What strikes you is that these are not just craftsmen of exceptional literary works but formidable thinkers as well – which is also a tribute to the skill of the interviews. Murthy’s discourse on the shabdasutka for instance or the revelation of his Brahminical mind (used here in the widest sense of the word) is stimulating reading. Equally stimulating is painter Khakhar’s revelation as a writer and his refusal to take himself seriously. His story “Vadki” in fact is quite the most charming piece in the collection.
Sobti’s extract from Ai Ladki is a moving account of a daughter watching her mother die. The querulous tones of the old lady are placed delicately alongside the daughter’s patient voice. It is interesting to hear Sobti unfold her knots in an interview that captures her zest of life.
Devi is arguably the greatest living Bengali writer; a woman wholly committed to the world of tribals and who has been studied by the greatest living deconstructionists of all – Gayatri Chakravarty Spivak. It is refreshing to find that behind that politically correct exterior beats a heart that can laugh at its reputation. The last interview is with a man who has become a legend in his own lifetime – MT Vasudevan Nair. “Before I sit down to write,” he says at one point, “I always ask myself: is it necessary to write this?”
If you have wished to find out what is happening in regional literature this is a fine book to start with. It does not matter that sometimes the names are not easy to remember, that you keep forgetting what a vadki or uralppura is. At the end of each story there is a sense of oneness with the author and pride that there is in every part of India a living tradition of creative energy.
– Ira Pande
(March 16 – April 15, 1997)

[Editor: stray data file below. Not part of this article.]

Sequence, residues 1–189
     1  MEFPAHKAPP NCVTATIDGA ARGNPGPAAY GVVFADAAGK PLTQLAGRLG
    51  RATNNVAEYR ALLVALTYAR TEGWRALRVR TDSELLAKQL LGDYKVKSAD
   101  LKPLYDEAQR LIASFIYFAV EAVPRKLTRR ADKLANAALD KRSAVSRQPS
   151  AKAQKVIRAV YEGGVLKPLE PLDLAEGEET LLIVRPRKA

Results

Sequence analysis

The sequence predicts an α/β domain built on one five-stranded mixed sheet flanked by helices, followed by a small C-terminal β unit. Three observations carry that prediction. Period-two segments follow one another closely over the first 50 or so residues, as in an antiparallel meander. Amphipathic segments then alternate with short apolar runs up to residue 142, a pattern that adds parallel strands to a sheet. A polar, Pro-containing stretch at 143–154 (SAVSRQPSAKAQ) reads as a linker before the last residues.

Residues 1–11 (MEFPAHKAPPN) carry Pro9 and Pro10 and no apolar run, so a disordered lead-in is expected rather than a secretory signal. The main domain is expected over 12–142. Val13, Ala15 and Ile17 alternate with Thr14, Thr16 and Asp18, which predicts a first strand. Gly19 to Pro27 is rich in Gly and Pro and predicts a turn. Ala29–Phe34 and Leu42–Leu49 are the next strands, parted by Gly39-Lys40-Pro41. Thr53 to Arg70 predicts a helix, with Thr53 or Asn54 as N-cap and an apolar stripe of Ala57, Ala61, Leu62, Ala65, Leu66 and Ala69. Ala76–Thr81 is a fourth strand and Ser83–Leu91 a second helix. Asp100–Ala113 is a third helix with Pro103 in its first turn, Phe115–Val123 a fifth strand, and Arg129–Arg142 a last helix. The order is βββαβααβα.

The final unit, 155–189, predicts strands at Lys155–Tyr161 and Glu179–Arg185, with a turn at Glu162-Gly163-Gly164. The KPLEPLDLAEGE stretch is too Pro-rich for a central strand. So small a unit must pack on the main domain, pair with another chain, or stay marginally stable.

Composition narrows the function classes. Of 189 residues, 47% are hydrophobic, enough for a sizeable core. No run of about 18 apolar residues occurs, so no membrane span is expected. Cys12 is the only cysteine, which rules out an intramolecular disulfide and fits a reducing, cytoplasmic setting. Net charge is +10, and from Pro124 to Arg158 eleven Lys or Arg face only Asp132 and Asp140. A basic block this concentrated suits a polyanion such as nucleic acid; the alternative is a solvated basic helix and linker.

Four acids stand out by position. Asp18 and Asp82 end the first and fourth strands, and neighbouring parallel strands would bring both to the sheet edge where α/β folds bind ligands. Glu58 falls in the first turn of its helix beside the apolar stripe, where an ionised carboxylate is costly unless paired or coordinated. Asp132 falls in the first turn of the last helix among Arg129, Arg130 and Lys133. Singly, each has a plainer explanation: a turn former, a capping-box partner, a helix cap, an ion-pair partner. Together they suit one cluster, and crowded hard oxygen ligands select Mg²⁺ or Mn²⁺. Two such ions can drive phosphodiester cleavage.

Why do writers write and what energises the creative urges that inspire their works? How do they respond to the tool of language and use it to set their imagination free? Do they feel they have a special responsibility to society and if so, what is the price they have to pay to carry it out? UR Ananthamurthy, Bhupen Khakhar, Krishna Sobti, Mahasveta Devi and MT Vasudevan Nair, five pre-eminent writers from different parts of the country, who write primarily in their respective mother tongues, reflect on their aims, aspirations and preoccupations and share with us, through the pages of Wordsmiths, their distinctive observations on issues such as these.
The book has been cleverly structured to portray the writers and their work in a broader context – we have a short story and an essay by each writer supplemented by a brief introduction, an interview and his/her curriculum vitae – and offers us wide-ranging insights into the nuances of the creative process and the stimulation of confronting the unexpected ...
Wordsmiths is an excellent introduction to Indian writing that encompasses many areas – geographical, cultural, rural and urban. Notwithstanding the opinion of critics like Leavis who contend that anything a writer has to say is found in his or her work, the comments of writers on life and literature help us understand better how they write out of the flux of a changing society, as also the complexities of their “urge to explore, experiment and reinvent society.”
Cover Design: Geeta Dharmarajan
Category: Katha Profiles
Statistics: 5.5" x 8" 210 pages
ISBN 81-85586-48-9 [PB]
Price: Rs 195 [India and the subcontinent only]